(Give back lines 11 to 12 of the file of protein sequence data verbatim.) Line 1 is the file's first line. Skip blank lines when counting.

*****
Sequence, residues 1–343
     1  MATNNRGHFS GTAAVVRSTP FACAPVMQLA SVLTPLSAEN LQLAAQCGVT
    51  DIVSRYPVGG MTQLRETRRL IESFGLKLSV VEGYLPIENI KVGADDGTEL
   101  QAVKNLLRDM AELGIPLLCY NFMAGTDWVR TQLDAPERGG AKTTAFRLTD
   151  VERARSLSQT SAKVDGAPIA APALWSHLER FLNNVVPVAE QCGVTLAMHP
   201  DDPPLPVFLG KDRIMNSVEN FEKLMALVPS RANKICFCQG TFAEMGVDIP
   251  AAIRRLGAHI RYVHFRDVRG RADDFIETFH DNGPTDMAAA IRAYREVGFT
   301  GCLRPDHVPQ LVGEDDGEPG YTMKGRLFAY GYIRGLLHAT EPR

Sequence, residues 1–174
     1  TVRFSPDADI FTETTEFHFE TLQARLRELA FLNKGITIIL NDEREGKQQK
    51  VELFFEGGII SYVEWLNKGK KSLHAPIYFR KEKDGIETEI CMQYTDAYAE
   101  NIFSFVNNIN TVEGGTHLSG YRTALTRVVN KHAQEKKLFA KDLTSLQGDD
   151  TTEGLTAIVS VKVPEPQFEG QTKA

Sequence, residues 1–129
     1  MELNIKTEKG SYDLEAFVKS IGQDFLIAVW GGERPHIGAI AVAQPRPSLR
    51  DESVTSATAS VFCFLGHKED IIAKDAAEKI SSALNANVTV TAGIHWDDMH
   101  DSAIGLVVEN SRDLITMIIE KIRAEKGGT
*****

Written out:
    51  VELFFEGGII SYVEWLNKGK KSLHAPIYFR KEKDGIETEI CMQYTDAYAE
   101  NIFSFVNNIN TVEGGTHLSG YRTALTRVVN KHAQEKKLFA KDLTSLQGDD